Caught up with some Star Trek books not too long ago, as well as some non-Trek stuff (below). The two new Deep Space Nine books came first, of course. Trill was intense and grim, with more of that close-up look at violence and instability that we've been seeing in Star Trek books lately. Some good character arcs, especially for Ezri and Julian; some strong imaginative worldbuilding scenes, most notably Ezri's visit to the old symbionts; and a lot of smart but unobtrusive bits like the reference to Odan-style Trill. Bajor was darn near pastoral by comparison, despite the fact that it had some violence and darkness, but fortunately Jake's storyline was a source of humour and romance in what may perhaps be a bit too dark and depressing a series lately. The story unifies a lot of the different (sometimes bizarrely different) views of Bajor we got in DS9's early seasons, pulling everything together neatly. Ferenginar... well, as much as I like KRAD's stuff, the Ferengi episodes are not my favourite part of the DS9 tapestry. Names like Brunt and Zek do not fill me with anticipation. Fortunately, Ro Laren comes along for the ride. She was one of my favourite characters on TNG, which never really made the most of her, so it's a delight to see her treated much better in the DS9 novels and to see Ferenginar through her eyes for much of the story. The Dominion story... remember what I was saying about dark and depressing? Yikes. But good. Riveting. So some storylines seem to be pretty much finished, as do some relationships, for that matter, and others are moving forward. But it's hard to see any cheer and good times ahead. Trill and the Founder homeworld are in a worse position than they were before. Kira could be doing better, too. And threats are gathering.
The DS9 relaunch has kept itself fresh by not just doing one novel following directly from another. I'm starting to wonder if, in a couple of years, we'll need to see it take a turn in another direction by dealing with most of the nastiness and doing a couple of books of relatively peaceful life for our favourite characters.
Next I read To Reign in Hell. Fortunately, it was pretty much free of all the crossovers and inside jokes that plagued the Eugenics Wars books and Assignment: Eternity. But the dialogue... okay, I know Khan actually did speak some over-the-top dialogue in The Wrath of Khan, but he and his followers must have spoken in relatively normal English sometimes. Or maybe the book used overwrought language out of some imitation Conan the Barbarian comic book to maintain that epic, larger than life feel. Regardless, it tasked me. The book is also predictable for the most part, because we already know what's going to happen. Boom. She's dead. Damn Kirk! Eels. Kids. Reliant. The end. The book had a few other things going on, but it was too short to really flesh things out.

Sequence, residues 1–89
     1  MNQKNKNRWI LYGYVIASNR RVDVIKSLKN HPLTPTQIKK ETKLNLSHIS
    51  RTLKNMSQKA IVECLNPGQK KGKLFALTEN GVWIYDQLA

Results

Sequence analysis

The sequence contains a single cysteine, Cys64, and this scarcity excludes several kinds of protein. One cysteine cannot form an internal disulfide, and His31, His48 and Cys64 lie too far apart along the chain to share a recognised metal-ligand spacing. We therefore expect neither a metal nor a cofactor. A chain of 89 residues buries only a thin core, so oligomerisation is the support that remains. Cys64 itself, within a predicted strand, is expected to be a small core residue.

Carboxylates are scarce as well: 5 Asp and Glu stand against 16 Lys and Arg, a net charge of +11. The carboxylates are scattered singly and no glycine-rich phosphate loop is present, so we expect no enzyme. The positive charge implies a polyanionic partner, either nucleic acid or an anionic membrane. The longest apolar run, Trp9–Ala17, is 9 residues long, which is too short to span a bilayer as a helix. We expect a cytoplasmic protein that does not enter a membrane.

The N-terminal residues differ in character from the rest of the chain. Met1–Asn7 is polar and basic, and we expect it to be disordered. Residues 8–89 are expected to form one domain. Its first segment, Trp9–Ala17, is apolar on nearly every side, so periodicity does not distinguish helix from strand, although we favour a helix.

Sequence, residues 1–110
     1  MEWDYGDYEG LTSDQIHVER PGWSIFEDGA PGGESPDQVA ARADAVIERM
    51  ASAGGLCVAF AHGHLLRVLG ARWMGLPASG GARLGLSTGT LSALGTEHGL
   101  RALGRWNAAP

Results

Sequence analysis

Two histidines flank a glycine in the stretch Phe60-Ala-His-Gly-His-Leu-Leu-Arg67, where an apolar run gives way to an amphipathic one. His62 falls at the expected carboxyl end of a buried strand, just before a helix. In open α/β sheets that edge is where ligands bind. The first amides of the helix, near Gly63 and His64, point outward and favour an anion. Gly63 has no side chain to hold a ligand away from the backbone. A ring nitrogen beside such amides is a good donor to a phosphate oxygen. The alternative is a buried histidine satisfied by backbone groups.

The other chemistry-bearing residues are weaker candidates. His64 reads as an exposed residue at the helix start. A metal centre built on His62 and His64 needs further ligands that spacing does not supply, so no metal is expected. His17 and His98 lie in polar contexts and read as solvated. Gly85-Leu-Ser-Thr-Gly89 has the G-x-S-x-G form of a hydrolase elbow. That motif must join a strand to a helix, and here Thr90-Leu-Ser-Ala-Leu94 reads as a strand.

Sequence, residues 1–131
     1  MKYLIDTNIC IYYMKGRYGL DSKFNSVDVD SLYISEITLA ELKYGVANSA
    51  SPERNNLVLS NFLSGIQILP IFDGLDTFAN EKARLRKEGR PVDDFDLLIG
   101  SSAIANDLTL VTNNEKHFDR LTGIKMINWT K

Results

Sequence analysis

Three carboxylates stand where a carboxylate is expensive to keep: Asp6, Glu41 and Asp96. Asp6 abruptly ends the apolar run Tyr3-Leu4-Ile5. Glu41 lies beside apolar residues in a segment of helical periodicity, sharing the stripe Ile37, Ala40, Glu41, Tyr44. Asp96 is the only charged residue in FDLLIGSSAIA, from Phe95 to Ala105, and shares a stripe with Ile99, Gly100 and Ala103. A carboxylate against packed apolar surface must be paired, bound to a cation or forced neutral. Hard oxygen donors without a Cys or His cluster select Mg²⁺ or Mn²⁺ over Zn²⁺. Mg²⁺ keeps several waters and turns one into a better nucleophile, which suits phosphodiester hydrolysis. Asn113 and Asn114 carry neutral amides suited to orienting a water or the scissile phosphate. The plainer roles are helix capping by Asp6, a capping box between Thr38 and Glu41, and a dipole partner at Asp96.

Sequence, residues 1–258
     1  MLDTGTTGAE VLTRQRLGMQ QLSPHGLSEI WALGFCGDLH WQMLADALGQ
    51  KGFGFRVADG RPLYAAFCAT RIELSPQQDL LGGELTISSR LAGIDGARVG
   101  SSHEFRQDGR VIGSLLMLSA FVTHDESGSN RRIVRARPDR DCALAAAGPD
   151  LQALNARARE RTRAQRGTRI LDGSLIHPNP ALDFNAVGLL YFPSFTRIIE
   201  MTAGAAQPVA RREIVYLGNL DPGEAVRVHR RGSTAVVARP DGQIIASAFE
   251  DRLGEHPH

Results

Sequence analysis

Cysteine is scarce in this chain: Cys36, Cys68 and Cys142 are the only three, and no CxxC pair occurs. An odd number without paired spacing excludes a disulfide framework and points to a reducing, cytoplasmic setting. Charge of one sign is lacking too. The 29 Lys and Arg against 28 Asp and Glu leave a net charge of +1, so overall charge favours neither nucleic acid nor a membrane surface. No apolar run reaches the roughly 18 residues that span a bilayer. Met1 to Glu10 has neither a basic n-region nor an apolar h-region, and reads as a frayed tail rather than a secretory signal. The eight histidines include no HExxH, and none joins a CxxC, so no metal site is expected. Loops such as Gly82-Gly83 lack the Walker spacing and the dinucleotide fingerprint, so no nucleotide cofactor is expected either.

The Voyager relaunch, books three and four. I'm a big believer in constructive criticism, in not simply saying "this sucks," in making some kind of reasoned argument about the merits of a book that someone else can understand even while disagreeing. But I don't have it in me to be constructive about Spirit Walk. I have failed to meet this challenge. It's not Star Trek. It's a new age fantasy drivelfest with a couple of Star Trek names and words used. All I am left with, in trying to criticize this as Star Trek, are the unhelpful words, "This sucks." Sorry.
After Spirit Walk I had to clean out my mind with some very different reading material. So I turned to a couple of old favourites.
Back in the mid-1980s, there was a small publisher called Black Lizard. They brought back into print a number of grim and depressing crime novels, reprinting old pulp stories and old paperback originals. Some of the authors were still reasonably well-known; others were all but forgotten. I'd heard of a few and read a couple but quickly learned that darn near anything published under that original Black Lizard imprint was going to be worth reading. (Black Lizard was later taken over by Random House's Vintage imprint and used for reprints of more well-known and respectable crime fiction and mysteries, while the bulk of the original Black Lizard lineup was abandoned.) One of my favourite discoveries was David Goodis.
Goodis was, briefly, respectable, well-known, well-paid. One of his early novels, Dark Passage, became a Humphrey Bogart/Lauren Bacall film. But he ended up writing a lot of novels of squalor, despair, crime, and doomed love as paperback originals, and several of those were reprinted by Black Lizard. Nightfall was probably my first. I was already a fan of Cornell Woolrich, the noir novelist whose stories of love, murder, and despair were more romantic and sometimes even had happy endings; quite a few of Woolrich's stories have been filmed. Goodis had all the darkness and precious little of the light. His prose was also leaner; Woolrich could get a little purple at times by comparison. For whatever reason, this grim stuff made up a lot of my leisure reading in my mid-20s. Maybe it made my minor disappointments in life look pretty good by comparison.